This has to be true, of course, otherwise how could one explain why poor countries can’t seem to grow faster even when they have all the technology in the world available on the world market. In the Asian subcontinent, there still are Indian peasants who use wooden ploughs and Pakistani bakers who still knead by hand. In most cases, an examination of the tax structure in poorer countries will show that capital gains is taxed lightly or not at all. It is the incomes of people in the former colonial countries that have been taxed at such oppressive rates for the last century that the poor cannot accumulate after-tax income to invest in risky ventures -- which is the only way to get a capital gain. In India in 1975, as I wrote in The Way the World Works two years later, the top marginal income-tax rate was 97½½% at a dollar-equivalent income of $25,000 a year. The capital gains tax was zero, but the economy had been killed long before it could produce taxable capgains in any case. In the years since, income-tax rates have come down, but the practice has been to enact capgains taxation and increase the rate toward ordinary income tax rates.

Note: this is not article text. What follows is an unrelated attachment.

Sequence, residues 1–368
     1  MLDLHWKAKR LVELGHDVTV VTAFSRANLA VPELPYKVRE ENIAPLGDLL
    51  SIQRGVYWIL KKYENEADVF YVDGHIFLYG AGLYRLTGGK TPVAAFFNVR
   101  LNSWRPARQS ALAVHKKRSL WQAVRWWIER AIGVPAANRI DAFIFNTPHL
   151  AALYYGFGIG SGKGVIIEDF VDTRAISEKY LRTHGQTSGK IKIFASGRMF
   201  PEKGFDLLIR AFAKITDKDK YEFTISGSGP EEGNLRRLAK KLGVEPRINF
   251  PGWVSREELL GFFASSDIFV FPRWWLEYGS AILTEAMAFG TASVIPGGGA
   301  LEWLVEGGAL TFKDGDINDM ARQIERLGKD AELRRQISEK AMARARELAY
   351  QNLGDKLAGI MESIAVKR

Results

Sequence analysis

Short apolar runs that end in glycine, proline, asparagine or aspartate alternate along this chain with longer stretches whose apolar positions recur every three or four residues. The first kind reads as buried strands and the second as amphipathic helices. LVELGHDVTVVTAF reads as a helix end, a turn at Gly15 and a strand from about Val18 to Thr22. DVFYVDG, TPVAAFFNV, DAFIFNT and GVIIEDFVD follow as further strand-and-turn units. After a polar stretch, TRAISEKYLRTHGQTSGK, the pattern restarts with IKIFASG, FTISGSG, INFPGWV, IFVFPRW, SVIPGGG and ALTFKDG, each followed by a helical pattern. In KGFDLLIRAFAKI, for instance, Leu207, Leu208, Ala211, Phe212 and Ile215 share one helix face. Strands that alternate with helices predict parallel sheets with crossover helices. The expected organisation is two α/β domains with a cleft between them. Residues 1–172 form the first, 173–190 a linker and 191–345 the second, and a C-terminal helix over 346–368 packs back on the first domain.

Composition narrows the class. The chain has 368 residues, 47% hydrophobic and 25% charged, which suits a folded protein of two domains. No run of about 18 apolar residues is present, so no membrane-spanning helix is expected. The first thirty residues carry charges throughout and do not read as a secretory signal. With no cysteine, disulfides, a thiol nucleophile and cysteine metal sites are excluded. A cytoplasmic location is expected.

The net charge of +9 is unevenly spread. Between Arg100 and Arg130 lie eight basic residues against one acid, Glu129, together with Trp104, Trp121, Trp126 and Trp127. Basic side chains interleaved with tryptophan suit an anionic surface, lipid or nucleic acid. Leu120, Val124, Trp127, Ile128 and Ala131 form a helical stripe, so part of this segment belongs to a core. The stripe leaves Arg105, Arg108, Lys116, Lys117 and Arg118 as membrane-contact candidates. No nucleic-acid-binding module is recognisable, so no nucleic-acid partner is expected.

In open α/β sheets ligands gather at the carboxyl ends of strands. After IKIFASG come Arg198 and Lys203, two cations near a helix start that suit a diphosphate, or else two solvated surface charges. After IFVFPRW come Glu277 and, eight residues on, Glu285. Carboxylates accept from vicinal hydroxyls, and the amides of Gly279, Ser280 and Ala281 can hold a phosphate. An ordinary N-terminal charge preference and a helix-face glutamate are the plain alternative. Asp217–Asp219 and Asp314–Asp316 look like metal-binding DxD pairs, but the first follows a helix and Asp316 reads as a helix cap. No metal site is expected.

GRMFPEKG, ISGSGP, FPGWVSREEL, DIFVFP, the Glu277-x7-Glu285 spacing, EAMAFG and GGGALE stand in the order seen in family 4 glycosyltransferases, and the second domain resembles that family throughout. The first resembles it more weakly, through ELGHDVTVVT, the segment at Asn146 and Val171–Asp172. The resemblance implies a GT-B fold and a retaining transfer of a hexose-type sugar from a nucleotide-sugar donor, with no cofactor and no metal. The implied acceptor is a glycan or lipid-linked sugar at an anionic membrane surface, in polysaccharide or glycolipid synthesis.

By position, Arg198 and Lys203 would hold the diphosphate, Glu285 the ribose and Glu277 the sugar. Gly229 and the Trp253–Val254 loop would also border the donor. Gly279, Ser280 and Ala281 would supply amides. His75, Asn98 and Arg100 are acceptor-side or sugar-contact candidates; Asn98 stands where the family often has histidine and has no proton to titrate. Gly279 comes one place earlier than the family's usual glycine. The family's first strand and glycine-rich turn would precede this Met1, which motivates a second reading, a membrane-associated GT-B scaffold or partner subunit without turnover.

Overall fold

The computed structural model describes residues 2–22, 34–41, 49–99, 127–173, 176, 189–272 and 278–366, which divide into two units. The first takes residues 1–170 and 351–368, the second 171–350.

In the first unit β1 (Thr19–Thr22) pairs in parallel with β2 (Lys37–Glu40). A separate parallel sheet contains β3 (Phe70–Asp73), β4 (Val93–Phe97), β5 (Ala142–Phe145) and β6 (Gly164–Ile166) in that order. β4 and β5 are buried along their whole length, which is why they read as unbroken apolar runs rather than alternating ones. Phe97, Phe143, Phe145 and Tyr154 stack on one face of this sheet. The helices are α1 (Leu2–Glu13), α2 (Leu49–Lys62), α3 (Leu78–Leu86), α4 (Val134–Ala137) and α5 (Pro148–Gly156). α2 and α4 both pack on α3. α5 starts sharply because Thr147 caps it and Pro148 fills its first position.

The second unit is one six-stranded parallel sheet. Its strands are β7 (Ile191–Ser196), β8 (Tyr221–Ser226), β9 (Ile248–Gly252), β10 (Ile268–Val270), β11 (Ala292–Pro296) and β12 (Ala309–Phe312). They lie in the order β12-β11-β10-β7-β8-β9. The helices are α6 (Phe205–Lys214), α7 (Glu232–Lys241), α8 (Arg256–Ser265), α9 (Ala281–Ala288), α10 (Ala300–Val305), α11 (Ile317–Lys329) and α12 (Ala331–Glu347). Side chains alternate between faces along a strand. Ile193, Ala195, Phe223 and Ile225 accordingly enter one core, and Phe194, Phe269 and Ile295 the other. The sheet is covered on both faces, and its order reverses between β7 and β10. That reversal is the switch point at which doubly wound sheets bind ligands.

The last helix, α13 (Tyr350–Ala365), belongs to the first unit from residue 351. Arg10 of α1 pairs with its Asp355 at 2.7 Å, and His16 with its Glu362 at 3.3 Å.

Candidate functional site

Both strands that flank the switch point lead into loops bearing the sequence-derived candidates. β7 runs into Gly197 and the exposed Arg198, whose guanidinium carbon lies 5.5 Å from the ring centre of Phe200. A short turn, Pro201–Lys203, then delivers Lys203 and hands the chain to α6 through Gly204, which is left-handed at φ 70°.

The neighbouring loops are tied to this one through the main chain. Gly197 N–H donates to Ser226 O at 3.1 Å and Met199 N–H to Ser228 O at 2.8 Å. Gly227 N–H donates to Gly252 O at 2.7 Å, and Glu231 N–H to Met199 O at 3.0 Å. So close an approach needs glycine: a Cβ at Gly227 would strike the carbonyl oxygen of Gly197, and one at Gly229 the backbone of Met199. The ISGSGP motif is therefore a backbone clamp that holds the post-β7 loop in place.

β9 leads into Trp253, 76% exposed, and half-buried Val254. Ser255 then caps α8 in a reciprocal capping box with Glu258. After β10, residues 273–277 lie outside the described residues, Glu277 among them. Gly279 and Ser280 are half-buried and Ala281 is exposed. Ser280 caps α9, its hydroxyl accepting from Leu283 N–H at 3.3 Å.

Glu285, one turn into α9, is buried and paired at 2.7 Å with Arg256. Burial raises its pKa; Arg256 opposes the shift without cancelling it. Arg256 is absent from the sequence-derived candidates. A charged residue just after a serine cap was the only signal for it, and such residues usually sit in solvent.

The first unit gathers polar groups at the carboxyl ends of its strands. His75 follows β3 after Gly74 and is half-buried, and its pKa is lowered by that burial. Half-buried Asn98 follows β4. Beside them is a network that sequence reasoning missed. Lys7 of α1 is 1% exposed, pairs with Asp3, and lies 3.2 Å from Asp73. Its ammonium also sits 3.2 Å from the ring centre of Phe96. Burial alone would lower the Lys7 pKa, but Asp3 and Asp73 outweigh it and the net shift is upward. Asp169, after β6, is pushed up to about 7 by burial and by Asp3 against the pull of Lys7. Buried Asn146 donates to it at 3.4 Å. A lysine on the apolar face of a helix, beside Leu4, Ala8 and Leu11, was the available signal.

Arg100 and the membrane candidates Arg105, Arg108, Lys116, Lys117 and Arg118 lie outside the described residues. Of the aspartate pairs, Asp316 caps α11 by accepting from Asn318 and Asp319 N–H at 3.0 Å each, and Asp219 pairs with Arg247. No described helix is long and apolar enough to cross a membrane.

Sometime before I wrote TWTWW, I recall being on a flight seated next to an Australian farmer prosperous enough to be traveling in the States in first class. I asked him how he could survive in a country with confiscatory income-tax rates. He replied that he really did not pay much tax. He lived on the production of the farm and took no profits that could be taxed as income. All profits were ploughed back into the farm as capital investments that made the farm more valuable. When he would have it as loaded as possible with the best fences and irrigation and capital equipment, he would sell the farm and pay zero capital gains tax on the total amount received. Throughout the former colonies of the British empire, this was standard practice, which is how the idea of converting ordinary income into capital gains becomes part of the literature.